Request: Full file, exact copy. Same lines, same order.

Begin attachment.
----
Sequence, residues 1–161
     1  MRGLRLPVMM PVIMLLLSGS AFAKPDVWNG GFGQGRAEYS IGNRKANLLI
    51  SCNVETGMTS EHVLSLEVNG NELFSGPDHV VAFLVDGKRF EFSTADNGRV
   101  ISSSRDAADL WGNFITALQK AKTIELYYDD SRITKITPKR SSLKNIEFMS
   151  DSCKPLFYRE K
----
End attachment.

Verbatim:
Sequence, residues 1–161
     1  MRGLRLPVMM PVIMLLLSGS AFAKPDVWNG GFGQGRAEYS IGNRKANLLI
    51  SCNVETGMTS EHVLSLEVNG NELFSGPDHV VAFLVDGKRF EFSTADNGRV
   101  ISSSRDAADL WGNFITALQK AKTIELYYDD SRITKITPKR SSLKNIEFMS
   151  DSCKPLFYRE K